Frontline Physician Confirms Langkawi Con

The beautiful and very popular north Queensland 'resort' town of Cairns with its international airport and renowned visitor facilities is the gateway to the Great Barrier Reef and one of Australia's Box Jellyfish hotspots.

Below are comments from experienced Emergency Physician Dr Jim Reeves who at the Cairns Base Hospital is at the frontline of Box Jellyfish and Irukandji treatment. 

Dr Reeves was recently in Langkawi and was horrified to see unsuspecting people swimming in a popular self-proclaimed world-class tourist area near a number of dangerous Box Jellyfish but no warning signs, vinegar stations, prevention nets or any effort of visible swimmer safety were made available.

The first comment is Dr Reeves' reply to an article on this blog while the second was posted in a Tripadvisor thread on the subject:

Hi. Great blog site and good on you for trying to bring this out into the open. I am an emergency physician in Cairns, Australia and we live with irukandji and box jelly fish too. I started a thread in the trip advisor langkawi forum last year after being astounded at seeing 6 box jellyfish in the lights of a boat one night in the harbour next to the Dana resort. I was equally amazed at the lack of warnings and public awareness.
Box jellyfish without doubt posses the most toxic venom on the planet. The last few deaths in this region have all been children and they all died in less than a couple of minutes.
We are starting to see our first irukandji envenomations of this season. There is a spectrum but good going ones develop horrendous pain syndromes, very high blood pressures and occasionally fluid in the lungs. There have been 2 deaths due to irukandji in Aus but related to the extremely high blood pressure which led to intracerebral bleeds.
We have developed effective treatment protocols for managing irukanji syndrome and have anti venom for box jellyfish stings if they get to the department. Thankfully they are rare BECAUSE OF PUBLIC AWARENESS AND WARNING SIGNS, VINEGAR AT ALL THE BEACHES! STINGER SUITS! NETTED AREAS FOR SWIMMING AND WELL ESTABLISHED TREATMENT PROTOCOLS FOR THOSE STUNG !!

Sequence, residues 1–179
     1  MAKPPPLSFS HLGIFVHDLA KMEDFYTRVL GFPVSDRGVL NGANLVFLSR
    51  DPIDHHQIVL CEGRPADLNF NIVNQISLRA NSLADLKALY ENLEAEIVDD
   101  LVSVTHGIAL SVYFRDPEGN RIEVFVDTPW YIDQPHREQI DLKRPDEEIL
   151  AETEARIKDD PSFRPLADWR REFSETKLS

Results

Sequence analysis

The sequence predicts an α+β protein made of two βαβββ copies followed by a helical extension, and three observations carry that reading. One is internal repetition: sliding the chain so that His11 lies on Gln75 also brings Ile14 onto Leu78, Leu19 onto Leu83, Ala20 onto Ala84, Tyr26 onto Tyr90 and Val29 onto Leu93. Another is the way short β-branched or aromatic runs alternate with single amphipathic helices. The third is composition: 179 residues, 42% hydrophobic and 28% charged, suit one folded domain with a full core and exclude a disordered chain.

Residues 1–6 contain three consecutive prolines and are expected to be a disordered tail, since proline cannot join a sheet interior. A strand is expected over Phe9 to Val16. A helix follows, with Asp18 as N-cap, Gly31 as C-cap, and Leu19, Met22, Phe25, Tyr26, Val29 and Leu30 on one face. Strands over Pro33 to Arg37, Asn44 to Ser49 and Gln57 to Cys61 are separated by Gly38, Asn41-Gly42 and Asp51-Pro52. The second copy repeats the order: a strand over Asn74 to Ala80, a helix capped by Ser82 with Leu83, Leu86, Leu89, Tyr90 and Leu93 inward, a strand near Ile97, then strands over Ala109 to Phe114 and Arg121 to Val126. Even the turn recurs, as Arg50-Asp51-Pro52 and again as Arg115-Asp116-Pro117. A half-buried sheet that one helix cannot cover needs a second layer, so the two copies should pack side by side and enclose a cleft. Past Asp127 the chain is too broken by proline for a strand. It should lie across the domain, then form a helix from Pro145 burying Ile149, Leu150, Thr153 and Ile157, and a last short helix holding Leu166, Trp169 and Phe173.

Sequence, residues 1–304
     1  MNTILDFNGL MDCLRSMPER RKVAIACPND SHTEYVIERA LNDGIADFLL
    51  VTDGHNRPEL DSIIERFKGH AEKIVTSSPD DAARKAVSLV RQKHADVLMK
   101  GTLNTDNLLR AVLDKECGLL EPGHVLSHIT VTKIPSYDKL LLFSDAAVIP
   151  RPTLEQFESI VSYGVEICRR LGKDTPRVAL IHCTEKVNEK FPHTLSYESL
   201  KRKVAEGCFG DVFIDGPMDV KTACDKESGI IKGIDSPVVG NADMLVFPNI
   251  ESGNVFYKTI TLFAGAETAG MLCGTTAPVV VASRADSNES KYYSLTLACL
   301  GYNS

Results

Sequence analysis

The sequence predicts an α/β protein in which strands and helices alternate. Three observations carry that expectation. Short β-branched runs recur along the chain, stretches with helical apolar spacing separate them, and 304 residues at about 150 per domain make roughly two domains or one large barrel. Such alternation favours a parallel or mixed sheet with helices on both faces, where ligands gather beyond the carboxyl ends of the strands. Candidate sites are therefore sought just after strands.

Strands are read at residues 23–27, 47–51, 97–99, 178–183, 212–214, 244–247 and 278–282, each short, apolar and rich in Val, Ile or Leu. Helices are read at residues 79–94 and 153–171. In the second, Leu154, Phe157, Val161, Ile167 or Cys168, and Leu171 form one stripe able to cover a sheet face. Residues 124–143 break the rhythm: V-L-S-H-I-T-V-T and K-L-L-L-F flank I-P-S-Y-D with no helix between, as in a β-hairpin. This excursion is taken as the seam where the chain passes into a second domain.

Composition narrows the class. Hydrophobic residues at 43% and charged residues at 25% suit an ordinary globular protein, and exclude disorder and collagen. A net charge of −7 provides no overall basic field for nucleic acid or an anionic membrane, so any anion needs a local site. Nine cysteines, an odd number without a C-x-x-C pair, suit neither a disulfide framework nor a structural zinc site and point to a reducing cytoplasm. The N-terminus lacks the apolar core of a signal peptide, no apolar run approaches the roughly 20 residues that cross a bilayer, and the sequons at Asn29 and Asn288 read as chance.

As you so rightly say if the government agencies refuse to acknowledge the problem then you are stuck and none of these straightforward measures can be put into place. Blogs such as yours are needed to continue to push the issue and continue to provide safe advice to those going there.
Avoiding jellyfish is very simple - you just have to know they are there and the local authorities should be doing that instead of denying their existence.
Well done mate
Jim, Cairns

19. Re: Beware of box jellyfish
Thanks for the heads up.
I hadn't had a look for quite some time.
Hats off to the person running that blog - very informative and VERY important ! The denial of a problem that is so obviously not going to go away astounds me.
I would love to have a look at the records of all those stung there this year. The descriptions do sound like irukandji. Interestingly there is a belief now that the syndrome may be caused by more than just the one type of jellyfish.
We are starting to get our first irukandji envenomations of the season and the pain some of those poor buggers go through before they are treated is horrendous. The protocols we use are relatively simple and effective using infusions of narcotics and sometimes magnesium - I don't know what treatment is given at health care facilities there - one would hope they have access to successful strategies .
I certainly wouldn't like to go through that without them - standing on a stonefish on an island off Vanuatu where there were minimal health facilities has given me insight and endless empathy. At least hot water helped a bit with the pain ! - which is not the case with jellyfish

As a footnote, reports from Irukandji sting victims admitted to the Langkawi hospital is that they are given a course of usually unidentified painkillers and sent on their way. Many return soon after when the pain becomes unbearable and can stay overnight receiving same treatment - but at least under observation, while most choose to be treated upon their return to their own countries. Magnesium here is unheard of, in fact, the problem is denied by the Dept of Health while a Langkawi official recently demonstrated at a seminar on the subject that a banana rubbed on the sting will fix the problem. He has obviously never been stung because that is absurd and a Box Jellyfish tentacle upon being rubbed would immediately shoot more lethal venom into the body. 
While it is important that research be performed by marine scientists to raise awareness and formulate data, it is crucial that medicos like Dr Reeves write to the relevant authorities in Malaysia to express their views on the matter and offer their assistance if required. Might just save a life! 


  1. Great contributions by Dr. Jim Reeves. , the more people speak out, hopefully the more awareness can be achieved.


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